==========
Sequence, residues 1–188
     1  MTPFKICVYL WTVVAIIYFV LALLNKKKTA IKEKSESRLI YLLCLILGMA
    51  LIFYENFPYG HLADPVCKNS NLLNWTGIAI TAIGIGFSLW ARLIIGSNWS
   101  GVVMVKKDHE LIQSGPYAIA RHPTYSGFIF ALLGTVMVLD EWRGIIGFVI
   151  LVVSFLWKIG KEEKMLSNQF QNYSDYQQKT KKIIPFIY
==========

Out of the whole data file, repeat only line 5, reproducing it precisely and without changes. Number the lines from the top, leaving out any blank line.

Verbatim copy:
   151  LVVSFLWKIG KEEKMLSNQF QNYSDYQQKT KKIIPFIY